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BARONG AND RIGHT

There are hundreds of years of history in the “silly shirts” world leaders are wearing at the APEC summit

Canadian Prime Minister Justin Trudeau, left, shares a moment with Philippines President Benigno Aquino III and his sister Maria Elena Aquino-Cruz as they pose for a photograph at the welcoming dinner for the Asia-Pacific Economic Cooperation (APEC) summit in Manila, Philippines, Wednesday, Nov. 18, 2015. Leaders from 21 countries and self-governing territories are gathering in Manila for the Asia-Pacific Economic Cooperation summit. The meeting's official agenda is focused on trade, business and economic issues but terrorism, South China Sea disputes and climate change are also set to be in focus.
AP Photo/Wally Santana
They’re feeling the silliness.
  • Marc Bain
By Marc Bain

Fashion reporter

This article is more than 2 years old.

The awkward “silly shirts” photo of world leaders in the traditional clothing of their host nation has become a ritual at the annual Asia-Pacific Economic Cooperation (APEC) summit. Highlights over the years have included the boxy ponchos of Chile in 2004, the silky ao dai tunics in Vietnam in 2006, and last year’s rather amazing “Star Trek” conference in Beijing.

This time around, the Philippines plays host. As the 21 APEC attendees, including Chinese president Xi Jinping, US president Barack Obama, and Canadian prime minister Justin Trudeau, discuss matters of global importance, they do so wearing the barong tagalog, a semi-sheer shirt woven from pineapple fiber.

Jim Watson/AFP/Getty Images
The glorious flair of the Vietnam summit.

The wearers must be breathing a sigh of relief for the relatively subdued style of the shirt. But the point of any APEC getup is that it’s a gesture of respect, and in this instance, it honors a garment that encapsulates the complex history of the Philippines.

“It’s an indigenized version of the western shirt,” says Gino Gonzalez, a fashion historian and co-author of a new book on the evolution of the terno, the Philippines’ national dress. ”It’s like an externalization of your nationality.”

Reuters/Edgar Su
Looks good.

The indigenous peoples of the Philippines existed in various tribal communities for thousands of years before explorer Ferdinand Magellan first landed a Spanish expedition there in 1521, only to be killed soon afterward. But contact with Europe changed the course of Filipino history, as Spain colonized the islands a few decades later and its heavily Catholic influence infused the local culture.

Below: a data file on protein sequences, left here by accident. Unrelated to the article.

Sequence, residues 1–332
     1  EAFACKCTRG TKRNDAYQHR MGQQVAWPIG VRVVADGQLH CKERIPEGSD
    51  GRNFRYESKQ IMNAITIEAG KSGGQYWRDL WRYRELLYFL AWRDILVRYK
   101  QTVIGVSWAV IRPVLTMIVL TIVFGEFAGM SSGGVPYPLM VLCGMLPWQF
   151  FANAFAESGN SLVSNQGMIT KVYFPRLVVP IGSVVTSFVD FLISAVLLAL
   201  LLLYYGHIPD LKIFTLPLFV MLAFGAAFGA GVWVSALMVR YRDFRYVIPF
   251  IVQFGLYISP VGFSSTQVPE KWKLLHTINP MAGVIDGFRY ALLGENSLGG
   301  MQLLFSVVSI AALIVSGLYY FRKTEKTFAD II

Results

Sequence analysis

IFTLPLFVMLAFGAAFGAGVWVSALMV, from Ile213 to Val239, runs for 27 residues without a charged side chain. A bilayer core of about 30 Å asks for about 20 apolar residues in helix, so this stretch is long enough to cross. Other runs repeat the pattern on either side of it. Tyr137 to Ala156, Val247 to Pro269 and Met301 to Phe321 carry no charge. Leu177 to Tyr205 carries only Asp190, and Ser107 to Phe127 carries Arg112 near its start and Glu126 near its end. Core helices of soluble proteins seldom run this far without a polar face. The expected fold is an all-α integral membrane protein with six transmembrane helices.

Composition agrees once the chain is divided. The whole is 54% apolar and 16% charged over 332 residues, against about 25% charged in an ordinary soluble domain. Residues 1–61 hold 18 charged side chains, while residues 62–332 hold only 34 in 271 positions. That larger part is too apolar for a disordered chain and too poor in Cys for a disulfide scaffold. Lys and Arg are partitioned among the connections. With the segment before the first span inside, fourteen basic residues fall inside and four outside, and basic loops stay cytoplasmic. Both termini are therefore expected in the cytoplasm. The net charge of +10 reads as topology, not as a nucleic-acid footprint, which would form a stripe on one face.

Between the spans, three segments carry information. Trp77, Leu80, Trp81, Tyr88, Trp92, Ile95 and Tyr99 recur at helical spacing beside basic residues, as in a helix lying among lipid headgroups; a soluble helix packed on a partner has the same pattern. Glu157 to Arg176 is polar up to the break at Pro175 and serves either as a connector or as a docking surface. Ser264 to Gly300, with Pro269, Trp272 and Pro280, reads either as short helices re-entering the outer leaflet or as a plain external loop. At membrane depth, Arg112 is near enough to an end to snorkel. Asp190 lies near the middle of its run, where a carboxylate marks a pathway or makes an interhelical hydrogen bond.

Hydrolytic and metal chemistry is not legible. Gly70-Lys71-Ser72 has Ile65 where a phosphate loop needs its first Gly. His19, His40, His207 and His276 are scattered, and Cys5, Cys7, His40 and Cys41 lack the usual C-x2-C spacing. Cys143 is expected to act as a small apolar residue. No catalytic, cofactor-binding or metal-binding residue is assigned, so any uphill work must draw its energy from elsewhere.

The Spaniards also brought pineapple to the islands—today the Philippines is one of the world’s largest producers of pineapple—and before the 1500s were out, Filipinos were making cloth from its fibers (pdf). It’s not exactly clear when the current version of the barong emerged, but it was in existence by the late 1700s, according to Gonzalez. ”If you look at paintings by local masters, they were rendering the barongs worn by the upper class,” he says.

Over the centuries the garb has continued to evolve, developing elaborate embroidery thanks to the continued influence of Europe, and now even reflects the touch of one of fashion’s most famed recent couturiers.

“One designer whom I thought really revolutionised Filipino fashion was Jean Paul Gaultier, who was a tailor for Pierre Cardin when he came here [in 1974] to open the Manila boutique,” said Imee Marcos, the eldest daughter of former first couple Ferdinand and Imelda Marcos, and the governor of the northern Philippine province of Ilocos Norte, in an interview with luxury magazine Philippine Tatler. ”My father, fitness buff that he was, was so tired of these loose barongs with feminine embroidery. Gaultier updated the barong with the Elvis Presley collar, the pointed cuffs, and the tapered fit. He also updated the embroidery so that it went in a straight line down the barong, lengthening his figure.”

The barongs worn by the world leaders at the APEC summit, custom designed for each wearer by Filipino designer Paul Cabral, took four months to make—a blip, really, next to the hundreds of years of cultural history the shirts represent.

Jay Directo/AFP/Getty Images
The custom embroidery is symbolic of the wearer’s home country.

Outside of global summits, the barong is still donned for weddings and for everyday life.

“The great thing about the barong, it evolved in such a way that it’s still wearable as casualwear,” Gonzalez says. “Security guards wear it; office workers wear it.”

And now world leaders are wearing it, too.

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